Traditionally, geneticists divide disorders into “simple,” where a single gene mutation causes disease, or complex, where mutations in many genes contribute modest amounts. A new study suggests that the truth is somewhere in between.
Addressing concerns about gene drive releases in the wild, UC San Diego scientists and their colleagues have developed two new genetic systems that halt or eliminate gene drives after release. The details are published in the journal Molecular Cell.
St. Jude researchers showed that an inherited variant of the GATA3 gene is tied to minimal residual disease levels and response to therapy for acute lymphoblastic leukemia.
With the aid of artificial intelligence, UC San Diego scientists have solved a long-standing puzzle in human gene activation. The discovery described in the journal Nature could be used to control gene activation in biotechnology and biomedical applications.
Scientists from Stanley Manne Children’s Research Institute at Ann & Robert H. Lurie Children’s Hospital of Chicago were the first to examine endothelial cells – one of the main sources of blood production – for clues as to why people with Down syndrome have higher prevalence of leukemia. They identified a new set of genes that are overexpressed in endothelial cells of patients with Down syndrome. This creates an environment conducive to leukemia, which is characterized by uncontrolled development and growth of blood cells. Their findings, published in the journal Oncotarget, point to new potential targets for treatment and possibly prevention of leukemia, in people with Down syndrome and in the general population.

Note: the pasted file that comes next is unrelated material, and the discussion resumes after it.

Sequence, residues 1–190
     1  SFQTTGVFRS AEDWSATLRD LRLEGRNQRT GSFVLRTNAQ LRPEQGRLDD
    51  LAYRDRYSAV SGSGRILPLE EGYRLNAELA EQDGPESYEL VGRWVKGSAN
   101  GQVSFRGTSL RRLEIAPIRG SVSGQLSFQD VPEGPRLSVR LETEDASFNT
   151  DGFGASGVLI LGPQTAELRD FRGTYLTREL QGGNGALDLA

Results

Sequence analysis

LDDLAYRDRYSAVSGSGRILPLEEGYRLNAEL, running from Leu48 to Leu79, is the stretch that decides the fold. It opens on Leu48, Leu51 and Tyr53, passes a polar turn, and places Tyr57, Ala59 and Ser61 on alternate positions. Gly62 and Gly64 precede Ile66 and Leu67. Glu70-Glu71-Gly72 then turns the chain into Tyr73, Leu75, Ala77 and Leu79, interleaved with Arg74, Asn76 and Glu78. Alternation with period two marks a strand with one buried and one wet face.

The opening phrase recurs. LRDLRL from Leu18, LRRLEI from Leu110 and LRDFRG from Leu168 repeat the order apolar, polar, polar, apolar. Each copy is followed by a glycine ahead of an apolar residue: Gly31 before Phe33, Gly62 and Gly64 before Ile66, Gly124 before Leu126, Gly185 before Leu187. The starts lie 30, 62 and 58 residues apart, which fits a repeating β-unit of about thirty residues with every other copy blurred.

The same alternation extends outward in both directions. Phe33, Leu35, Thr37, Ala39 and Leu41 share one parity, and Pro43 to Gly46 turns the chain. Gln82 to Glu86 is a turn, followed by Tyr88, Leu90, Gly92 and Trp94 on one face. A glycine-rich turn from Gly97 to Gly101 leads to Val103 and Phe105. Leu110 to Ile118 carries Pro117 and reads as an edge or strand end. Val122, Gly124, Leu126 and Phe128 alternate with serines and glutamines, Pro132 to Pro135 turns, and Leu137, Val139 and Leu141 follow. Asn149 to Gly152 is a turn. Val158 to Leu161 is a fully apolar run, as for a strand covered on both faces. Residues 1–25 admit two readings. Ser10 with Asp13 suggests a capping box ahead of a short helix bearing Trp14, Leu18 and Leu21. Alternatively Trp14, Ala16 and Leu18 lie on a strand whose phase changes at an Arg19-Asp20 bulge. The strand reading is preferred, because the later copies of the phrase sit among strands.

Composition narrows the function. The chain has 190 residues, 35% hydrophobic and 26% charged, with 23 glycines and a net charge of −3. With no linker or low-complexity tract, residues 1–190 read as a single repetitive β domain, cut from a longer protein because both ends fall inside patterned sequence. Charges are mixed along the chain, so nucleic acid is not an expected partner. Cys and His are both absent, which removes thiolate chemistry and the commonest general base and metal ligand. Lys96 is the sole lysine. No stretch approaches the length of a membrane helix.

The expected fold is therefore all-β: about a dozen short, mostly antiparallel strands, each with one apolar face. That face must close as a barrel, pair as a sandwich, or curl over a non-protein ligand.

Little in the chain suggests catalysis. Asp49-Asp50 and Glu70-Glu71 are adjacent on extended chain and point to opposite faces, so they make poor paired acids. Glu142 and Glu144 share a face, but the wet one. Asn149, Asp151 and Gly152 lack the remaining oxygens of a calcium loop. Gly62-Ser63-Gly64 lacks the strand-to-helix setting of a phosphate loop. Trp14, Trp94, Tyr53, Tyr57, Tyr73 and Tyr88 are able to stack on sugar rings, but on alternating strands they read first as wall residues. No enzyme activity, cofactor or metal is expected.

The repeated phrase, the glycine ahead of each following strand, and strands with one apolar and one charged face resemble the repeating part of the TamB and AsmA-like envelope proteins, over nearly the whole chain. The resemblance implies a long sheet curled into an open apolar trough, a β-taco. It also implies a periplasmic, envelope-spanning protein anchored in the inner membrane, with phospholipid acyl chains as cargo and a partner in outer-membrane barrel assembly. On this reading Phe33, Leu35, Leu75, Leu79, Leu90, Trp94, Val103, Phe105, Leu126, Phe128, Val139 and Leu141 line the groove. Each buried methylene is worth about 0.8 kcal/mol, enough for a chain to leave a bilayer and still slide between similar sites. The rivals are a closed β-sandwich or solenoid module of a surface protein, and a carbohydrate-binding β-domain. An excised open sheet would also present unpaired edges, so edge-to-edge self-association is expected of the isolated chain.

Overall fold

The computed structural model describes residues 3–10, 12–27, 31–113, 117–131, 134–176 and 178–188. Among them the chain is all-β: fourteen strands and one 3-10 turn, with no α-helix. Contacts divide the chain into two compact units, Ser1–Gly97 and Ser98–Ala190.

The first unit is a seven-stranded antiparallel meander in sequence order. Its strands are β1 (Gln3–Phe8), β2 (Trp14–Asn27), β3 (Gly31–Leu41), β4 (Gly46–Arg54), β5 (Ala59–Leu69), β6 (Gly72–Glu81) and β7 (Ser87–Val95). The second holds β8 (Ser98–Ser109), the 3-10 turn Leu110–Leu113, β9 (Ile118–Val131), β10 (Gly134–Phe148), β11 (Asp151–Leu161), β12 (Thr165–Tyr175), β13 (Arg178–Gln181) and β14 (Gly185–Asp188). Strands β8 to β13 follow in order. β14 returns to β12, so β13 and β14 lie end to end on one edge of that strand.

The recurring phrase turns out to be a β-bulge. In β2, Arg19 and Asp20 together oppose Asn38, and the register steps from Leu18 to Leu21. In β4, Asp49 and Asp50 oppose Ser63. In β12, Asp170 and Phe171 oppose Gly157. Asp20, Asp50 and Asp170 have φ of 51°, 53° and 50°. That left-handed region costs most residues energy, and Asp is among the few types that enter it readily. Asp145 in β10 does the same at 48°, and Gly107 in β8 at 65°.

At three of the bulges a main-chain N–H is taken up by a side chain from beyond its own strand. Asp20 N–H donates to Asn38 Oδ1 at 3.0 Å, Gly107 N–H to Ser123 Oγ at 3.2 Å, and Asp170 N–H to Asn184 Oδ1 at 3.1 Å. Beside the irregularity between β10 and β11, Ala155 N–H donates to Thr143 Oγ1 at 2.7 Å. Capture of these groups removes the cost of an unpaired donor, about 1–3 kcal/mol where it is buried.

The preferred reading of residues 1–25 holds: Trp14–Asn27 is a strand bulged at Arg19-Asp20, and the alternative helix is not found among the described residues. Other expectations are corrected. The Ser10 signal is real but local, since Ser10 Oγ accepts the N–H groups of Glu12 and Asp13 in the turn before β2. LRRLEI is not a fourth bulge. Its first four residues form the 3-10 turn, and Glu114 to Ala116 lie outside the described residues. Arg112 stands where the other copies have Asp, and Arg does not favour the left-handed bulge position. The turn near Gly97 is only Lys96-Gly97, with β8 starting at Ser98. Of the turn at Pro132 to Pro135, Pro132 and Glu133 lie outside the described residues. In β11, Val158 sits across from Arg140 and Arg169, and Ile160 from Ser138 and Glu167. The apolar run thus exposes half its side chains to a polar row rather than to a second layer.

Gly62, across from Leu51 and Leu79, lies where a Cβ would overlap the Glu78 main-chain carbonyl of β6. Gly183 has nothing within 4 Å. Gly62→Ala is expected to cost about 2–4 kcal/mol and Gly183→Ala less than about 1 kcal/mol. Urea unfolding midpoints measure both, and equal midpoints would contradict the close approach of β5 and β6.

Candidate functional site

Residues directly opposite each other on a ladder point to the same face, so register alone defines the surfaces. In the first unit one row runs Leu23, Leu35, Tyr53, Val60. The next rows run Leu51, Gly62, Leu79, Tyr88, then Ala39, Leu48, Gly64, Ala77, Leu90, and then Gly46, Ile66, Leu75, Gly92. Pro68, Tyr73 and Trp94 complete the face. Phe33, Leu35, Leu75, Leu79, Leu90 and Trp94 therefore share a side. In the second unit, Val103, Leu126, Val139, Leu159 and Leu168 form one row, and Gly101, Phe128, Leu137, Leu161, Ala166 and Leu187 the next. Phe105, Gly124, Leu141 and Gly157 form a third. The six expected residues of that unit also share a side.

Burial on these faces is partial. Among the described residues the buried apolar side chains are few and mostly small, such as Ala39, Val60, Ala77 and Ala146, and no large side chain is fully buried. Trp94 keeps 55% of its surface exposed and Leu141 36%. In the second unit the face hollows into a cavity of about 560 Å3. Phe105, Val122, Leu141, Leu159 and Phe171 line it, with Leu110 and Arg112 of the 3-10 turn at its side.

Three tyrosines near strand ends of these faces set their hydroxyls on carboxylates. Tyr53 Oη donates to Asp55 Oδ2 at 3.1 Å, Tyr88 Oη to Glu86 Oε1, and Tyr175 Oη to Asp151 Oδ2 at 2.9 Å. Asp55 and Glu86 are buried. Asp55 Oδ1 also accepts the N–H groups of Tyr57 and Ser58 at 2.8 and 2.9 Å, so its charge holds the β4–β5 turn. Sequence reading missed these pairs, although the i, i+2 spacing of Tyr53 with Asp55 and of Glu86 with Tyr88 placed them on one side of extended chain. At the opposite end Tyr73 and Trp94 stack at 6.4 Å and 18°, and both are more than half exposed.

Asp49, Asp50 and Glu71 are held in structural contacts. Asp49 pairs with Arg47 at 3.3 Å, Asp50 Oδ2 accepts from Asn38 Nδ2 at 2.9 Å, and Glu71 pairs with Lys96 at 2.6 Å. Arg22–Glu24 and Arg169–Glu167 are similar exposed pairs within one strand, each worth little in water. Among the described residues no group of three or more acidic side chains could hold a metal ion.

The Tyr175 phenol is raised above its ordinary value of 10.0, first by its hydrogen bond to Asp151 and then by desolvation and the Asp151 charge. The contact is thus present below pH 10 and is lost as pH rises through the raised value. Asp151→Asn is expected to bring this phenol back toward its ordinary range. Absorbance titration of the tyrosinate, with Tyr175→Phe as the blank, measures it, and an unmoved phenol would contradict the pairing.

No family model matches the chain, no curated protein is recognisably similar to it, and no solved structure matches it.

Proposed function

Researchers at Ludwig Institute for Cancer Research and University of California San Diego School of Medicine report that inhibiting a key enzyme caused human cancer cells associated with two major types of breast and ovarian cancer to die and in mouse studies reduced tumor growth.
Genomic research helps explain why some people with a common TP53 mutation widespread in Brazil get cancer while others do not.
New NEI-supported research provides insight into the eye conditions associated with Marfan syndrome, where weakened zonule fibers cause vision problems.
St. Jude Children’s Research Hospital software enables detection of previously unknown cancer-causing gene fusions, pointing the way to new treatments.
New research highlights the RCAN1 gene’s effect on memory and learning.
Genes are like instructions, but with options for building more than one thing. Daniel Larson, senior investigator at the National Cancer Institute, studies this gene “splicing” process, which happens in normal cells and goes awry in blood cancers like leukemia.
Protein editorial assistants are clearing the way for cut-and-paste DNA editors, like CRISPR, to access previously inaccessible genes of interest. Opening up these areas of the genetic code is critical to improving CRISPR efficiency and moving toward futuristic, genetic-based assaults on disease. The DNA-binding editorial assistants were devised by a U.S.-based team of bioengineers, who describe their design in APL Bioengineering.